Weeks before Christmas, my family starts bingeing Hallmark movies and any other holiday movie we can find. Last year, we added Your Christmas or Mine and a Boy Called Christmas to our must-watch list that already includes It’s a Wonderful Life, Elf and Arthur Christmas.
But there is one movie we pass over every year.
Eighteen years ago, a new romcom was released, just in time for Christmas. My husband, Matt, was excited to take me to see it. I needed distraction. It had been a rough year. My mother had been diagnosed with cancer just after the previous Christmas, and was gone by mid August. Our kids were 10 and 13.
My mother loved Christmas
My mother loved Christmas and was giddy watching my daughters tear through wrapping paper to reveal her “big” present each year, like the Playmobil castle for Ellie, and an American Girl Doll for Maggie.
My mother was 69 and had organized a family vacation at a New Hampshire resort for her 70th in October. She had plans and the cancer was getting in her way. In the hospital, after the cancer was in her brain, tears rolled down her face. “I won’t have my birthday party,” she said. I couldn’t look at her. She loved parties.
Matt knew Christmas 2005 was going to be tough. So, he took me to see the new holiday romcom to take my mind off the fact that my mother would be missing at our celebrations.
My husband took me to a holiday romcom to lift my spirits
He had watched the trailers. It had an all-star cast, including Diane Keaton, Sarah Jessica Parker, Rachel Adams and Dermot Mulroney. I was psyched. The movie promised to be funny – a family reunion at Christmas when one of the children introduces his new love into the family melee. Food is thrown, people slip on it and fall, the new love feels disrespected and leaves the house, only to be followed. She returns and everyone becomes friends.
But the trailers for The Family Stone neglected to reveal that the family matriarch not only has cancer, but she dies! I looked at my husband in the dark and very full theater. He looked back with panic in his eyes. “Oh no,” he must have thought. “Crap.”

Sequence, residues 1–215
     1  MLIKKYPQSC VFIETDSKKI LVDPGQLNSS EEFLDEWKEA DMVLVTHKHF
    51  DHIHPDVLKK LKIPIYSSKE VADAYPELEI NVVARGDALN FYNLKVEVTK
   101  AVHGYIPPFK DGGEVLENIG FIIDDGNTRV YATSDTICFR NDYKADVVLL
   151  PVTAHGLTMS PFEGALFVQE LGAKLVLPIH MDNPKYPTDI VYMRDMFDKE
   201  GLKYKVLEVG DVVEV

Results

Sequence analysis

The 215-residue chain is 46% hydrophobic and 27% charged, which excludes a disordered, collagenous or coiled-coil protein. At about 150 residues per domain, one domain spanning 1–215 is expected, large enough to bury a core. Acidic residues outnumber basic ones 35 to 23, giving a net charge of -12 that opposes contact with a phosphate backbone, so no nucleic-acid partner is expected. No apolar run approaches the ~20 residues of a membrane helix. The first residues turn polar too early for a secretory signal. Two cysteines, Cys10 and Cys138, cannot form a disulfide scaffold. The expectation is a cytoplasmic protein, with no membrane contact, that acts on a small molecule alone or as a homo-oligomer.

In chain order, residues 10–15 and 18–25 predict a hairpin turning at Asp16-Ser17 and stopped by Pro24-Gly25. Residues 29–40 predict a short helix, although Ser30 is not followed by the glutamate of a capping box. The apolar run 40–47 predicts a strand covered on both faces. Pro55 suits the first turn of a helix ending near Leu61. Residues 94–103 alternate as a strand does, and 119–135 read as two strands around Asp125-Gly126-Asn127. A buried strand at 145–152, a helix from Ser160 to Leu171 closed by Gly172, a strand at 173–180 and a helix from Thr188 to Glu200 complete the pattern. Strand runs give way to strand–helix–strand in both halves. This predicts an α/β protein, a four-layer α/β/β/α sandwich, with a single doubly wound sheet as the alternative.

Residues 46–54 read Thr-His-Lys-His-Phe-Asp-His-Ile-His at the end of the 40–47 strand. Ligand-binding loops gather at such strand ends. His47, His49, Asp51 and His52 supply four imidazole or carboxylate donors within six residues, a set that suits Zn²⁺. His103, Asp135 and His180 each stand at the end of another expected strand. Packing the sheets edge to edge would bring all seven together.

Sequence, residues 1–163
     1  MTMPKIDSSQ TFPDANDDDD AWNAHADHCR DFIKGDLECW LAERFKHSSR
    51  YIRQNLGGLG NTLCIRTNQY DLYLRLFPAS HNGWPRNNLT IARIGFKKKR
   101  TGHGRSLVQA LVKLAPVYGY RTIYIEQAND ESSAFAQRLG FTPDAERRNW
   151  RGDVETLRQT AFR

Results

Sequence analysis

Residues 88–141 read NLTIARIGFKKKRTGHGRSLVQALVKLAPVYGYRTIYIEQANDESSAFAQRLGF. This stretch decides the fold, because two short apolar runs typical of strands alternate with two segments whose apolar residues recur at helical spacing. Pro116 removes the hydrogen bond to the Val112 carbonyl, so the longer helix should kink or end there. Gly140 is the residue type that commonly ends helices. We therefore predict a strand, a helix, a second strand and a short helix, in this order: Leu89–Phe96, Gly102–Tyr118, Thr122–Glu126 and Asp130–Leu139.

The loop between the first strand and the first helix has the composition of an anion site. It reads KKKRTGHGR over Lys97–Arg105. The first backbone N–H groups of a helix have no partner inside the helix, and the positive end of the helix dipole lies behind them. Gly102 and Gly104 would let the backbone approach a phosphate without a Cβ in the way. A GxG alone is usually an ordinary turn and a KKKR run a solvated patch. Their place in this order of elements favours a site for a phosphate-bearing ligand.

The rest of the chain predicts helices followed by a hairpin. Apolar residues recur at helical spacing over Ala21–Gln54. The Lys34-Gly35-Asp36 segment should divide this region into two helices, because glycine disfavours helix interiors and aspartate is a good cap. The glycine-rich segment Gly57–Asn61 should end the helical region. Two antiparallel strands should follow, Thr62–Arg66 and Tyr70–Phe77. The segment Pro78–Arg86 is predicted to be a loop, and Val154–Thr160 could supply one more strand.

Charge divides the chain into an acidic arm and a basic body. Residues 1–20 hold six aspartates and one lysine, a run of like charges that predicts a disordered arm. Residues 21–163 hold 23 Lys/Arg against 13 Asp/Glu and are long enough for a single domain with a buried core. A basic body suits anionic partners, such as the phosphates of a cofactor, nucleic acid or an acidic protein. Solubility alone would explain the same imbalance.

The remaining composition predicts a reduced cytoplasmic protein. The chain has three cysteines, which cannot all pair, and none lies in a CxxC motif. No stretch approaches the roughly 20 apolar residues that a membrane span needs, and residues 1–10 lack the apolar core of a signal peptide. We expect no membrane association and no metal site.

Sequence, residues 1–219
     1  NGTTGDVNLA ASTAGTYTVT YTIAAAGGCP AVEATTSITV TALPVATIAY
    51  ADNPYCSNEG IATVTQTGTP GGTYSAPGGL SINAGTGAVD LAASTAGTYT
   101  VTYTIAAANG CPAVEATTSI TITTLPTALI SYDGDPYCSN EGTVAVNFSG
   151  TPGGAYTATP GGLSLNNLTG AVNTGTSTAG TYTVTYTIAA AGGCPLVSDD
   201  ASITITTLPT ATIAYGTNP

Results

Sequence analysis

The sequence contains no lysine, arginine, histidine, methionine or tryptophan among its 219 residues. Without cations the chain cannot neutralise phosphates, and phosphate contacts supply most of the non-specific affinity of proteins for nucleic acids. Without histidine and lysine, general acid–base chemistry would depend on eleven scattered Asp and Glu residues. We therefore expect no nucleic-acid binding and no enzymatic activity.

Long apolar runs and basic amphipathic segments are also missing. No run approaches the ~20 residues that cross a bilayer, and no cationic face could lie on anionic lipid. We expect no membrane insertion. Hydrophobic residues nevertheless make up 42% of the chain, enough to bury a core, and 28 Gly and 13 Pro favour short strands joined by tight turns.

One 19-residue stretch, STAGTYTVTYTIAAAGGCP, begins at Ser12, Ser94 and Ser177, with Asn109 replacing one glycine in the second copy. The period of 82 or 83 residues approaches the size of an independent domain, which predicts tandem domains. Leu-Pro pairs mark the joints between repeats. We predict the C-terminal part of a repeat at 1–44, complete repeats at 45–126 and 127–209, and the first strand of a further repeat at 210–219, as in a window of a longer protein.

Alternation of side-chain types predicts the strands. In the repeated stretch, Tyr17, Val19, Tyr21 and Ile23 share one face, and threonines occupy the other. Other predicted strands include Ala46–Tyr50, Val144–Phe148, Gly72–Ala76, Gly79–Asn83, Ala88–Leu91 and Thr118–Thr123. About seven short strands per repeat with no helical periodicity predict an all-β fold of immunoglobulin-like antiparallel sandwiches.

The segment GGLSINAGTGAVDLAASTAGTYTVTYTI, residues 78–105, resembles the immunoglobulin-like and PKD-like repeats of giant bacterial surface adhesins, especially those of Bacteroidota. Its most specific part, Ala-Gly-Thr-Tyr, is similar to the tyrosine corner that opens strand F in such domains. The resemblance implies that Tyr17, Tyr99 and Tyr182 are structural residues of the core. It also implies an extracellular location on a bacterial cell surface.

I started to sob. My eyes didn’t just well up with tears. This was outright guttural sobbing. I shook as I bawled. In a public theater. If people could hear me, I didn’t care. My husband leaned over and reached for my hand. “Do you want to leave,” he whispered.“No,” I choked back. I had to see this through. I’m not a quitter.
After the movie ended I fell apart
When the movie ended, Matt acted as a football blocker as I walked up the aisle with the rest of our town following. I didn’t make it out the door. I collapsed into a corner and wept, like a toddler in a grocery store.
As my daughters got older, our movie line-up evolved. But we always aggressively avoided The Family Stone. It had become legend. This was the movie that made Mummy cry. In a theater. In public. No thanks.
No one wanted to watch that. They didn’t want to remind me of how sad I was when my mother died. It was time to “get with the program” as my mother would have said.
We knew the Hallmark formula and we were good at predicting within the first five minutes who was going to fall in love with whom, and that life would be peachy. Sick people got well. These were safe, boring, and comfortable like a worn-in sweater.
I was finally able to watch The Family Stone again
Last year when Ellie came home with Covid two weeks before Christmas, our plans for holiday shopping and holiday eating were curtailed. So, we double-downed on Christmas movies. Locked in her room, Ellie synchronized movies with Matt and me from her computer. We texted at funny scenes.
One evening, while searching for another movie to watch, Matt stumbled on The Family Stone. Together we watched the trailers. “See,” he said. “Funny.” He was vindicated. I still said no.
As he watched soccer and football the Sunday before presents, Maggie FaceTimed from L.A. “Guess what I’m watching? The Family Stone. It’s funny.”
“See,” my husband said.
“No, I have sobbed too,” she added.
Now, I was vindicated.
I, finally, watched The Family Stone again, and guess what? I was okay.
The spell has broken, or maybe there wasn’t a spell in the first place. Maybe I’d been afraid for no reason.
The way we celebrate Christmas as a family has changed in some ways
Our family still watches Hallmark movies, fights over who gets to hang the Clara (from the Nutcracker) ornament, drinks eggnog, strings lights on the front and back porches and setting up the creche Matt inherited from his mom. And I still miss having my mother waltz through our front door, shouting, “HO HO HO. Anyone home?”
But Christmas has changed a bit, too. This year, Matt and I are flying across the country for Christmas. There won’t be a Christmas tree in our house. But we’ll still watch our hokey holiday movies in L.A. with Ellie, Maggie, and her husband, Jay, in their new home.
Thanks to my daughter, I am no longer afraid of watching The Family Stone. In fact, we’ve added it to our annual movie line up. And, even if I do cry, it’s okay.
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